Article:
Last year we expanded from just translated titles to publishing our own Russian authors, which is very exciting! As Popcorn has grown and evolved, we’ve built an amazing community, our readers love our titles because they trust our taste and judgement in books, and equally, we trust theirs. Our diverse catalogue tackles race, gender, women’s rights, sexuality, mental health. The most important thing to us is that we won’t publish a book just because of the topic it addresses, we ensure all of our books are still captivating and bingeworthy.
What was the reaction to a female publisher launching an LGBTQ+ friendly publishing house in Russia?
When we first announced the titles that we had acquired, it was quite controversial. The overall reaction was very positive, I think a lot of readers were excited to see some new and refreshing books being published.
But of course, some people were very angry because of the nature of the publishing house. As you may know, there’s a law in Russia that prohibits ‘homosexual propaganda among teenagers and children’. This law became an opportunity for anyone to bully those who support the LGBTQ+ community. When we launched Popcorn books there were people who tried to bully us as well, but we simply ignored them. In terms of publishing, the law just means that any books with queer characters or narratives must be wrapped in plastic and marked with an Aged 18+ mark.
In terms of being female and launching a progressive publishing house, I think weirdly it might have even a little easier for me than it would have been for a man. People have speculated about my sexuality, but I don’t care and just ignore it. For men here, that might be tougher to deal with.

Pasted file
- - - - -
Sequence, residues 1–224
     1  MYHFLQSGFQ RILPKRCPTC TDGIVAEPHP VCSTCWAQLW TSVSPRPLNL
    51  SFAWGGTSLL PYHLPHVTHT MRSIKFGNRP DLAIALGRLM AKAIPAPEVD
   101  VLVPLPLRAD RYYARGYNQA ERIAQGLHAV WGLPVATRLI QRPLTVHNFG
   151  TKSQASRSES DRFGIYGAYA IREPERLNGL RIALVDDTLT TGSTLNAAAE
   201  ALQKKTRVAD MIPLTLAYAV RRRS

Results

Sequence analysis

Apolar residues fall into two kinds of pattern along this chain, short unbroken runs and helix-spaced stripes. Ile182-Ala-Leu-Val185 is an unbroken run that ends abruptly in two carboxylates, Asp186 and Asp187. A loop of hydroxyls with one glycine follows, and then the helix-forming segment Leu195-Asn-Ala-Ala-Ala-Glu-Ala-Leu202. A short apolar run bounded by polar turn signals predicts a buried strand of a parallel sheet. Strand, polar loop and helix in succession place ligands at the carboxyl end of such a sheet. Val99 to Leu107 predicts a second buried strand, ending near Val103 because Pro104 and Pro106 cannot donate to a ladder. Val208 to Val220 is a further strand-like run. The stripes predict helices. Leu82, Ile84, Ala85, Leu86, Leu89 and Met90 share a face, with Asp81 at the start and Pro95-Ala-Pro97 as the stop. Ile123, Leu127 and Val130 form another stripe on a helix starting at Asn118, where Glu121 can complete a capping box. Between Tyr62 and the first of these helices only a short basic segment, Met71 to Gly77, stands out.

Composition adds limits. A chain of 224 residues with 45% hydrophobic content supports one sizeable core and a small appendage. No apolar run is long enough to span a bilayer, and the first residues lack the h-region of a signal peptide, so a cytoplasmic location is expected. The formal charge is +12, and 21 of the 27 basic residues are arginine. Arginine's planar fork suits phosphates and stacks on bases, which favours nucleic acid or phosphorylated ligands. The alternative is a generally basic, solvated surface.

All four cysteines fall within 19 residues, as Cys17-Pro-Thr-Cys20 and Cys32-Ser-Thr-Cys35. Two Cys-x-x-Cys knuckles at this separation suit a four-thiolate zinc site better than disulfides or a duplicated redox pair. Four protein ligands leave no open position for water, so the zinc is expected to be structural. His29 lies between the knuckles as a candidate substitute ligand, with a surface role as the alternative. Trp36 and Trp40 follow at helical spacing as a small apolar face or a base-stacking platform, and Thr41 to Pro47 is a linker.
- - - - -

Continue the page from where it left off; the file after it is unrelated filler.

“Convincing bookstores that queer books can be very popular too, and not only among queer readers, was a massive challenge.”
What has been the biggest challenge of your career?
When we first launched, bookstores believed the books wouldn’t sell. They seemed to have a preconceived notion that queer books would only sell to queer readers and they seemed to think that there were no queer people in Russia. So convincing bookstores that queer books can be very popular too, and not only among queer readers, was a massive challenge.
Another challenge for me was finding a balance between quality and affordability of our books. Our readers are mostly in their late teens/early twenties so most of them don’t have a steady income or any income at all. Finding the price balance was very hard, but I think we got there.
Describe a defining moment of your career.